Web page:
When she turned 50 eight years ago, Sharan Christ of Littleton, Colorado, had a bone scan during a routine physical. Feeling perfectly healthy, she was "absolutely floored" and "devastated" to learn she had osteoporosis -- the silent disease that leaves bones thin, brittle and weak.
Pat Burkey of Englewood, Florida, was a 52-year-old aquatic director when she did a back dive off the low board and felt her feet tingling as she climbed out of the pool. She didn't realize she had three compression fractures in her back until a bone density scan at age 65 revealed osteoporosis .
Structural Threat to Your Skeleton
About 10 million Americans are estimated to have osteoporosis and 18 million more are at risk of developing the disease, according to the American Academy of Orthopaedic Surgeons. Women are at much higher risk, with 10 percent of women 50 and older affected by osteoporosis, compared with 2 percent of men that age, according to the Centers for Disease Control and Prevention. Developing osteoporosis puts people at higher risk for fractures, especially in the hips, spine and wrists. Family history, small and thin body size, anorexia, being white or Asian, rheumatoid arthritis, certain medications, sedentary lifestyle and smoking are also risk factors.
In osteoporosis, "the amount of bone is lower and the quality of the bone is weaker," says Diane Schneider, a physician and author of "The Complete Book of Bone Health" and a former associate professor of medicine at the University of California--San Diego. But because people don't experience any symptoms, the condition can go unsuspected for years as the bone deteriorates.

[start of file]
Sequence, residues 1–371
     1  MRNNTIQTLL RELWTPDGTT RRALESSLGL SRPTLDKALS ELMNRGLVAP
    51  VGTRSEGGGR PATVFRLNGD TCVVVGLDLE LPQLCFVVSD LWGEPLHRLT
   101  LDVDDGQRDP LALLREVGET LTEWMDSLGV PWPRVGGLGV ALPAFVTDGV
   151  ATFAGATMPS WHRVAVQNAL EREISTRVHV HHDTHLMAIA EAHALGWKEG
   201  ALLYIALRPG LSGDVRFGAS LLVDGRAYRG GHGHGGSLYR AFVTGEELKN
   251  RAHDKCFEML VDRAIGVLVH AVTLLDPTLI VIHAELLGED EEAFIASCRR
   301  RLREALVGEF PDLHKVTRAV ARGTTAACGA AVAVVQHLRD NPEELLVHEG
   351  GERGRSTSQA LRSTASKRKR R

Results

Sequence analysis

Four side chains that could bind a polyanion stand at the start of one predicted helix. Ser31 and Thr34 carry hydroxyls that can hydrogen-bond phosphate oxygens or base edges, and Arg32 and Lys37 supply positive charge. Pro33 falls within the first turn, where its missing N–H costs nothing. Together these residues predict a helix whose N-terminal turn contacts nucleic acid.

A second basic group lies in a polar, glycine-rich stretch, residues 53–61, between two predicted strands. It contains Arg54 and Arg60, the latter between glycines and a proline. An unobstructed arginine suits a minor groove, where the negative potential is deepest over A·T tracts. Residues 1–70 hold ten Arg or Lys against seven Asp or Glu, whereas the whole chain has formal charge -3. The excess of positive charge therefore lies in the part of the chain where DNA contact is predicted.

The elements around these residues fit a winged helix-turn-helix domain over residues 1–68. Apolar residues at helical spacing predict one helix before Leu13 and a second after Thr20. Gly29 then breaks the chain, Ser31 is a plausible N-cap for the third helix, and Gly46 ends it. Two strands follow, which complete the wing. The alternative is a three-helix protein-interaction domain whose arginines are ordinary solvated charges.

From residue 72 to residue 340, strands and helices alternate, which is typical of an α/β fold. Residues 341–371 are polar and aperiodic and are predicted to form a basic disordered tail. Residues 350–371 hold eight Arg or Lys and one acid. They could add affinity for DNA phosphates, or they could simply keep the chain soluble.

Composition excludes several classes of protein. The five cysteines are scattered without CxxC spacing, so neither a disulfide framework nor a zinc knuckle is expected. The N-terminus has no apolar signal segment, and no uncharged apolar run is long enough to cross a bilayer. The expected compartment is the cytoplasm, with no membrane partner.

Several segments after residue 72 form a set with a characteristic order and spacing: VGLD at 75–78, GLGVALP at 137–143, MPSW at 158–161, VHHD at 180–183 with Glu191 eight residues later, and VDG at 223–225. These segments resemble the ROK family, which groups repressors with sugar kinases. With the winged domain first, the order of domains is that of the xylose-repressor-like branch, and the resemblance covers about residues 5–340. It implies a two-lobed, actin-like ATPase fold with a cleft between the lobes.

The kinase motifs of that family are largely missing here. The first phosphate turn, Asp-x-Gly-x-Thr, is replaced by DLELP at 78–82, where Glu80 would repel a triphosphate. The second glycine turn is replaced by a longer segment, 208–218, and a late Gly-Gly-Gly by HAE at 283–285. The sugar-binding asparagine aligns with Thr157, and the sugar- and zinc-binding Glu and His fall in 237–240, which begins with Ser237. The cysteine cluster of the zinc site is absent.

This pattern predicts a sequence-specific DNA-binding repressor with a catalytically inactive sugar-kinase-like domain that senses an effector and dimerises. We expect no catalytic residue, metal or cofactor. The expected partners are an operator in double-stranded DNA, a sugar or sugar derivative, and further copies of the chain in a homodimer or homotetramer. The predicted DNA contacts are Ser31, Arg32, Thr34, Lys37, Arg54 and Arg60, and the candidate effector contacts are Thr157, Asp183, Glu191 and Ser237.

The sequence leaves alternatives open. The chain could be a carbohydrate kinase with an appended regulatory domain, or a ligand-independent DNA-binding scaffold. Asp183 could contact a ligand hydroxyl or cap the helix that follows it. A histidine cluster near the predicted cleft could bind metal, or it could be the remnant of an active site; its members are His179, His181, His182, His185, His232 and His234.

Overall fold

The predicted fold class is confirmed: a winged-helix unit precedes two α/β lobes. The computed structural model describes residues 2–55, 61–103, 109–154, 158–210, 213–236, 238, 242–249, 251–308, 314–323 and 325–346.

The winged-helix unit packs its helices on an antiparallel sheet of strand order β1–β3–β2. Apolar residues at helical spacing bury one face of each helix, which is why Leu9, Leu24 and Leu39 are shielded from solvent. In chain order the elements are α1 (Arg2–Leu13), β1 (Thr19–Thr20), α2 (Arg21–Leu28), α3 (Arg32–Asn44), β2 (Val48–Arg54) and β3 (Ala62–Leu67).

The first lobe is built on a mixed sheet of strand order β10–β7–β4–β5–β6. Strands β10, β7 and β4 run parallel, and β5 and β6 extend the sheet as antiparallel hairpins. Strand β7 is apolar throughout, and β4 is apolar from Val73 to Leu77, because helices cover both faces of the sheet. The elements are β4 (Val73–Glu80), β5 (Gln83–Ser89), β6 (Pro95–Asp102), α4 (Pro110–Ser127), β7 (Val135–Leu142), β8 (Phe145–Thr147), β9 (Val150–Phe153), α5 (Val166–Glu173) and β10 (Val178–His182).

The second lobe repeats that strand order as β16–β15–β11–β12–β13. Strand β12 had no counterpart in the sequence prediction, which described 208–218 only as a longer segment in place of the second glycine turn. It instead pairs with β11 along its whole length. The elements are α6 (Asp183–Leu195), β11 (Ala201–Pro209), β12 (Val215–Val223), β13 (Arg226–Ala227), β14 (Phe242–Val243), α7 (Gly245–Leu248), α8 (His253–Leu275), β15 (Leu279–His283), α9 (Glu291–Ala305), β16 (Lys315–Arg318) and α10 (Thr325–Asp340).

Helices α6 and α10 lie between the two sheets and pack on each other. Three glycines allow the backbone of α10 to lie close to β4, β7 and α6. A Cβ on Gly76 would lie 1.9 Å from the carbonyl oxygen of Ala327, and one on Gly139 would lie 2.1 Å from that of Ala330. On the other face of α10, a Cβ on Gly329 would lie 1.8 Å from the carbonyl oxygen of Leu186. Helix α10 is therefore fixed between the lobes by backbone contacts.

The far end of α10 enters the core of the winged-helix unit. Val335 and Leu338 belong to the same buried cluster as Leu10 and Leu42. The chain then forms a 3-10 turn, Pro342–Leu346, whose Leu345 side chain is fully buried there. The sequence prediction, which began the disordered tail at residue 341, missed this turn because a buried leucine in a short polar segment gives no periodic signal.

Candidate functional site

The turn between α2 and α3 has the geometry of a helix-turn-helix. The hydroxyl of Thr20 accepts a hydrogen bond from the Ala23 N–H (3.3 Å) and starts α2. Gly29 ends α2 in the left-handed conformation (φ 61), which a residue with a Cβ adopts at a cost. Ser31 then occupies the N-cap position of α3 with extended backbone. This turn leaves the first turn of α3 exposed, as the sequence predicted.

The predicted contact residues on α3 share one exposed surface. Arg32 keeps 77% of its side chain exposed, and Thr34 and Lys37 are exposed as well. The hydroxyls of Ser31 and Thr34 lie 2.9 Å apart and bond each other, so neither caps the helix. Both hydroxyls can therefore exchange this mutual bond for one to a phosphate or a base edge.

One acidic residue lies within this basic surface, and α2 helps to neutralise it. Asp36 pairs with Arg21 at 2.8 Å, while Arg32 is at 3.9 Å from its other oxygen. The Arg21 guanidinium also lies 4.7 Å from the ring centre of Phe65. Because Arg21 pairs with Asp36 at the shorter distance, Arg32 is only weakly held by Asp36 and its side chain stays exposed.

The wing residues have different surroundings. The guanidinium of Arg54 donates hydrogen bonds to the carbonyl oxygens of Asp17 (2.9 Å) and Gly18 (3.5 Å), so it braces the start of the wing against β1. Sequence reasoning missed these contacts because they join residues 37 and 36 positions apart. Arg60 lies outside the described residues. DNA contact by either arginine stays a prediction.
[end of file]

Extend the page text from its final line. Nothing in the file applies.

"Think about termites," Schneider says. "What may be happening behind your walls you can't see, in terms of the termites slowly eating away at the wood. And until there's a structural failure and you go to do a remodel and pull off that plaster or Sheetrock, you don't know what's happening behind that. It's similar to the bone."
Osteoporosis is diagnosed with a dual-energy X-ray absorptiometry (DEXA) scan, where you lie on a table while the scanner passes over your hip and lower spine. The test produces a T-score, with scores below minus one showing increasingly worse bone health the lower they get. DEXA scans also detect osteopenia, which is early bone loss that can turn into osteoporosis.
Building Strength and Balance
When people learn they have osteoporosis, it can be scary. Realizing their bones are more fragile and likelier to break "sometimes just immobilizes people," Schneider says. Instead of staying still, though, you should move -- in a smart way -- to improve strength and balance. You don't have to change everything at once, she says, but gradually incorporate these A-to-D lifestyle changes:
A for Activity. "When I was first diagnosed, my doctor told me, 'If you fall, you'll probably break something,'" Christ recalls. "That scared the bejesus out of me." But she started working out with weights with a personal trainer and doing "tons" of walking.
"What you want to do is things that 'load' the bone," Schneider says, with weight-bearing exercise. However, she warns, a person with low bone density in their spine has to be careful and modify weightlifting to avoid fracture risk. She recommends a few sessions with a physical therapist to learn to exercise safely and properly.
Everyday lifting can also pose risks. For instance, you shouldn't lean over to pick up that heavy Thanksgiving turkey out of the oven. "By doing that, if somebody has low bone density in their spine, they can actually sustain a fracture," Schneider says. And instead of leaning over to pick up a toddler from the ground, sit down and have him or her climb into your lap.